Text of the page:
India to soon have variable capital companies as expert panel gives nod; IFSC set to supervise operations

To be covered under IFSCA Act

India to soon have variable capital companies as expert panel gives nod; IFSC set to supervise operations
The VCC structure aims at doing away with the limitations of these three structures.

A nine-member expert committee, headed by MS Sahoo, has drafted a legal framework for allowing Variable Capital Company (VCC) structure in the International Financial Centres (IFSCs).

The committee has proposed a legal framework within the International Financial Services Centres Authority (IFSCA) Act, 2019, which provides for one implementing agency, IFSCA. The agency registers VCCs as body corporates, as well as authorises and supervises their operations.

The committee has said that VCCs be introduced as a vehicle for investment management in IFSCs. The committee has laid down key principles which include ensuring VCCs are low-cost structures which attract lower governance requirements; having a principle-based legislation with flexibility to introduce subordinate legislation and close alignment with the requirements under the fund management entity (FME) regulations that would apply to funds housed within the VCC.

Funds in India pool through limited liability companies are governed under the Companies Act, 2013 or under the Limited Liability Partnership Act or trusts governed under the Indian Trusts Act, 1882. Such structures may not be ideal for fund management activities. Alternative investment funds (AIFs) operate in IFSC under the trust structure. The VCC structure aims at doing away with the limitations of these three structures.

VCC structures are globally recognised, finding their presence in Singapore, United Kingdom, Mauritius, Ireland, Luxembourg and Cayman Islands. The VCC will be incorporated in the form of a company and shall be governed by the Registrar of VCCs akin to Registrar of Companies (in India), with IFSCA playing the role of Registrar.

A VCC shall be able to set up one or more sub-funds, without the prior approval of the Registrar of VCC which shall reduce the launch time of the sub-fund. Singapore has succeeded with the VCC model, with close to 300 VCCs established since January 2020.

“The expert committee has relied heavily on global experience of Irish UCITS, Lux SICAVs and the recently introduced fund regime in Singapore which has been quite successful. The legal framework recommended is broadly in line with the suggestions of Krishnan Committee but with a clear demarcation of regulations relating to incorporation of the entity, suggesting keeping regulations relating to fund management within IFSCA’s FME rules,” said Sunil Gidwani, partner, Nangia Andersen.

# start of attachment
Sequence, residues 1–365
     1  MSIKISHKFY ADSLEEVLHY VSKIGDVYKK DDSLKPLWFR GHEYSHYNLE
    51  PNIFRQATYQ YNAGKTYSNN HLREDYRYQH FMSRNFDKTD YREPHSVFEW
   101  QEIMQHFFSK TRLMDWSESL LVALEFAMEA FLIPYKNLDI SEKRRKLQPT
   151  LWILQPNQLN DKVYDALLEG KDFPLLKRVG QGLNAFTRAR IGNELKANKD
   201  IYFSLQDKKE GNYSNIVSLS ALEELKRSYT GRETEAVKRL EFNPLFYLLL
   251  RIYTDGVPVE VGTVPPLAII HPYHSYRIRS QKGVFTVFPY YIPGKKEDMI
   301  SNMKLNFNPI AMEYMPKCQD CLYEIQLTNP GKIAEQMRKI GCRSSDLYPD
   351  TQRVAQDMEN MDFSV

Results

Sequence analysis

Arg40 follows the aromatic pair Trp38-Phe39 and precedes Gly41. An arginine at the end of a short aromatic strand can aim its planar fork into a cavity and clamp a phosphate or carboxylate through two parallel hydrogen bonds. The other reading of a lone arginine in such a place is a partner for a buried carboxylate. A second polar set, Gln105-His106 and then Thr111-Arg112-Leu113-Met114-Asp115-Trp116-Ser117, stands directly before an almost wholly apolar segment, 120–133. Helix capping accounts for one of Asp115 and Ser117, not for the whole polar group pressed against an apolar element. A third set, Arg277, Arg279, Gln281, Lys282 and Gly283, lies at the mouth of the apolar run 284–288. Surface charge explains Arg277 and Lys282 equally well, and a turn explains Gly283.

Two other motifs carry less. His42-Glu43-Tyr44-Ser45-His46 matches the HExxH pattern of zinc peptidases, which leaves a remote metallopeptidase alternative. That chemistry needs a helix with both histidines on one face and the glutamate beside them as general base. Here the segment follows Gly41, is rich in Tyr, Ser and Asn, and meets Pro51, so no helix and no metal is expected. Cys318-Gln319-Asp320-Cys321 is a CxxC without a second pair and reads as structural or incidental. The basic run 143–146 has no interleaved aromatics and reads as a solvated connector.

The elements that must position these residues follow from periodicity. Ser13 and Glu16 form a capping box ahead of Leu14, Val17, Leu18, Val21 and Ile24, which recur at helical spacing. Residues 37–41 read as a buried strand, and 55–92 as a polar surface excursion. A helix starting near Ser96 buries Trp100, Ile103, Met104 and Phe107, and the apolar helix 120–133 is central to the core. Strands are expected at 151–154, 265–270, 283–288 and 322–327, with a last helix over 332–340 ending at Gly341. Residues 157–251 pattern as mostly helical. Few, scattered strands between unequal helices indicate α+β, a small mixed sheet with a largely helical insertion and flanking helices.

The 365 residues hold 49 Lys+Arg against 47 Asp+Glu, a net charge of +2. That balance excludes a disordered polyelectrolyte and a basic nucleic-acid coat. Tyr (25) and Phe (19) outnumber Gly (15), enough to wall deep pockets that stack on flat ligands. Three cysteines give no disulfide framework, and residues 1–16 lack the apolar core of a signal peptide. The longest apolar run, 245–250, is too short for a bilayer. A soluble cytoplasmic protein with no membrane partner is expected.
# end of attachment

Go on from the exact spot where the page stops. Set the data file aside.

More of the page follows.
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The IFSCA had set up an expert committee under the chairpersonship of KP Krishnan in September 2020 to examine the feasibility of the VCC in India.

“As per FME regulations 2022, the same fund cannot have close-ended and open-ended schemes. However, under a VCC structure, both open- and close-ended sub-funds would be allowed which will save cost for fund managers. The funds may be allowed to convert from open- to close-ended, and vice versa, an option which is not available in the present IFSC fund regime,” said Neha Malviya, chief growth officer, SuperNAV, a fund accounting firm.

Another advantage of a VCC would be legal ring-fencing of assets and liabilities of each sub-fund. This would mean that the investors and creditors of a particular sub-fund may claim their returns and fulfil their claims out of the assets of that sub-fund only, and not from the other assets of the VCC or from the assets of any other sub-fund, said Malviya.

“VCC will allow multiple ring-fenced sub-funds under an umbrella fund for open ended or closed funds in line with global practice. There have been several complications and inconsistencies in the context of European funds investing in India regarding treating the umbrella fund as a taxable entity as compared to each sub-fund as a taxable entity. Both the committees’ suggestions to treat each sub-fund as a taxable entity would help simplify tax positions and make calculations of NAV at sub-fund level more efficient,” said Gidwani.

The expert committee has suggested that tax residency certificates be issued at the sub-fund level to ensure they can take advantage of DTAAs. It is not in favour of extending the IBC to VCCs, which are not notified financial service providers u/s 227 of IBC as it would make a different insolvency resolution regime applicable to VCCs than what is applicable to other fund entities.

“An important aspect is the possibility of subsidising the set up and operational costs, as is done by some of the leading IFSCs. The way ahead would be to launch competitive products such as the NSE UDR and listed warrants,” said Viraj Kulkarni, founder, Pivot Management Consulting.

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First published on: 03-12-2022 at 05:15:00 am